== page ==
The best books for re-wilding our relationship with life

Who am I?

As both an international somatic educator and conceptual artist, I have explored direct perception through the sensory system for over 45 years. Focusing on human potential and core awareness through the portal of the neuro-core tissue called Psoas, I am the author of The Psoas Book and Core Awareness: Enhancing Yoga, Pilates, Exercise and Dance. I have come to appreciate that fostering personal integrity requires changing our language of the body from an object to a dynamic living process. To restore our core coherency, humans must wake up from our mechanistic separateness to once again be innovative organisms dancing in reciprocity with a living, dynamic Earth.

I wrote...

Stalking Wild Psoas: Embodying Your Core Intelligence

By Liz Koch,

Book cover of Stalking Wild Psoas: Embodying Your Core Intelligence

What is my book about?

Weaving together biology, living systems thinking, stories, and somatic movement, Liz Koch seeks to dissolve the objectification of "body" to reconceptualize human beings as biologically intelligent, self-organizing, and self-healing. She delves into the conceptual framework of the human core to decolonize current mechanistic thinking inviting readers on a journey toward reengaging with life's creative processes. The book illuminates the limitations of the predominant paradigm of body as an object to actively explore the Psoas muscle as a vital, intelligent, soulful messenger informing us of both safety and innovating possibilities. Employing biomorphic and embryonic paradigms, Koch redefines psoas as smart, expressive tissue that is both elemental and universal. Stalking Wild Psoas encourages all readers to nourish their core integrity and flourish as creative and expressive beings.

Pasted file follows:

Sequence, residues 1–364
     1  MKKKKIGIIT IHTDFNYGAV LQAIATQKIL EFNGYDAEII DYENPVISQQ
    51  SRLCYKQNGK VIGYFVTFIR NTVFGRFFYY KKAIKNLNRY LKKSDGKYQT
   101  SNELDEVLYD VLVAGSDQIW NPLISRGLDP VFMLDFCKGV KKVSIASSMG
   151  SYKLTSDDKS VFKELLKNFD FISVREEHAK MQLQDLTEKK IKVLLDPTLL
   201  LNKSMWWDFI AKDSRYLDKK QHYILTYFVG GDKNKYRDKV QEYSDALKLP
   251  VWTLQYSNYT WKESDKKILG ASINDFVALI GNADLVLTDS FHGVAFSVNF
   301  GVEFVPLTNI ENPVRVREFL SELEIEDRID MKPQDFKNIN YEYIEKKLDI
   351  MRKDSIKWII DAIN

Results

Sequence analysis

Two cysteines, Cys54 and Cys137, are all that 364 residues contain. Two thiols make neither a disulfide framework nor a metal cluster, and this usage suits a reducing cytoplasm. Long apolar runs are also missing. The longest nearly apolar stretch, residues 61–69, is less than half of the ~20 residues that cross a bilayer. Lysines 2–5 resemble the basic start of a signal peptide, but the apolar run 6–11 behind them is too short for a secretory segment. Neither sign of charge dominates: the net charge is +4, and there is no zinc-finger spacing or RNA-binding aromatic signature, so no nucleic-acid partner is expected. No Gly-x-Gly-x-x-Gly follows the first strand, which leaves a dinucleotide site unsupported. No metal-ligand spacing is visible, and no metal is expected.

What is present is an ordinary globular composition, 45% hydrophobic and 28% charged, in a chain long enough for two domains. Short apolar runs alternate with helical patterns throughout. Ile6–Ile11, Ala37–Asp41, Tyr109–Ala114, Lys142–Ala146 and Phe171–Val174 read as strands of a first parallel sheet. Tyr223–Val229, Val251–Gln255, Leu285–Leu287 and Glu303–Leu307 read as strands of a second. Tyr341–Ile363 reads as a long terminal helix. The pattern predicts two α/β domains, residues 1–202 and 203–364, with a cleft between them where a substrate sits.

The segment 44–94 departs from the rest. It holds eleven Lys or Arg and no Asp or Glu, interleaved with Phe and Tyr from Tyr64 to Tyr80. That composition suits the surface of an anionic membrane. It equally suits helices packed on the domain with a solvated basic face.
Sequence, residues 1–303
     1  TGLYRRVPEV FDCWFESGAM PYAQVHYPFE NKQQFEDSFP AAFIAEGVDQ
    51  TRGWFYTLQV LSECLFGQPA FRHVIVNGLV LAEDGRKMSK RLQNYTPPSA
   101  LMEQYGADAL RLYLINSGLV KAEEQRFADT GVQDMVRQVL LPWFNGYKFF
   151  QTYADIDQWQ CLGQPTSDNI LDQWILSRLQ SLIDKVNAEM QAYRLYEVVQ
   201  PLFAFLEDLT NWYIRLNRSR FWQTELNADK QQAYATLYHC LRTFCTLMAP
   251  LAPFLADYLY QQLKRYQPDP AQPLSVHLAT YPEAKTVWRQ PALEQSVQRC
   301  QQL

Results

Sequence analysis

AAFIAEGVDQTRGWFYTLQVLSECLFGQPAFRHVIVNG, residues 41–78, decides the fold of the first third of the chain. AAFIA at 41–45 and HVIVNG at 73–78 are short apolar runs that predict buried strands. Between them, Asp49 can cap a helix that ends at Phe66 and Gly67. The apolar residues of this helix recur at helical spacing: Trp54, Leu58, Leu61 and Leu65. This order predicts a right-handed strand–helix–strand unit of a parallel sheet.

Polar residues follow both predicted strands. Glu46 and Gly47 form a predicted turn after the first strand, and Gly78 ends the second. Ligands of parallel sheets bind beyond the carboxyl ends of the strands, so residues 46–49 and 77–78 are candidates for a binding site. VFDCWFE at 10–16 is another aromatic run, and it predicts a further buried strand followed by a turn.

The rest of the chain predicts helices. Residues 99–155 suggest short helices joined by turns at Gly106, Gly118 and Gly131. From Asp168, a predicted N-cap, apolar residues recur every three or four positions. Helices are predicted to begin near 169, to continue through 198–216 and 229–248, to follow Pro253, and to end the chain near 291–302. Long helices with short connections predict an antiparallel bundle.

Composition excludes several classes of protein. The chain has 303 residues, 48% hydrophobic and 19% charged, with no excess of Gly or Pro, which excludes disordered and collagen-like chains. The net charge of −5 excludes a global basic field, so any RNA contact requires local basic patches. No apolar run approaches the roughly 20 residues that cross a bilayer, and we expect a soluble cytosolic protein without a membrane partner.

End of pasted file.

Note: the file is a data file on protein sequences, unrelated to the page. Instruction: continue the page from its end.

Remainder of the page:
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The books I picked & why

Book cover of The Secret Teachings of Plants: The Intelligence of the Heart in the Direct Perception of Nature

Why did I love this book?

This book offers a response to a deep longing to be in the world with childlike curiosity. It encourages our direct perception of life through the energetic heart field. Although it is meant as a knowledgeable guide for listening to and communicating with plants, it elicits a poignant call during a time of profound alienation. Encouraging the letting go of top-down linear thinking, Buhner offers a step-by-step somatic path for decolonizing the soul. I discovered by exchanging the word “psoas” for “plant” the book easily becomes a personal guide for increasing our core awareness as it inspires opening the heart by rooting into a reciprocal relationship with the living Earth. To me, re-wilding my relationship with the deepest aspects of self is vitally personal and imperative if all life is to truly flourish. 

By Stephen Harrod Buhner,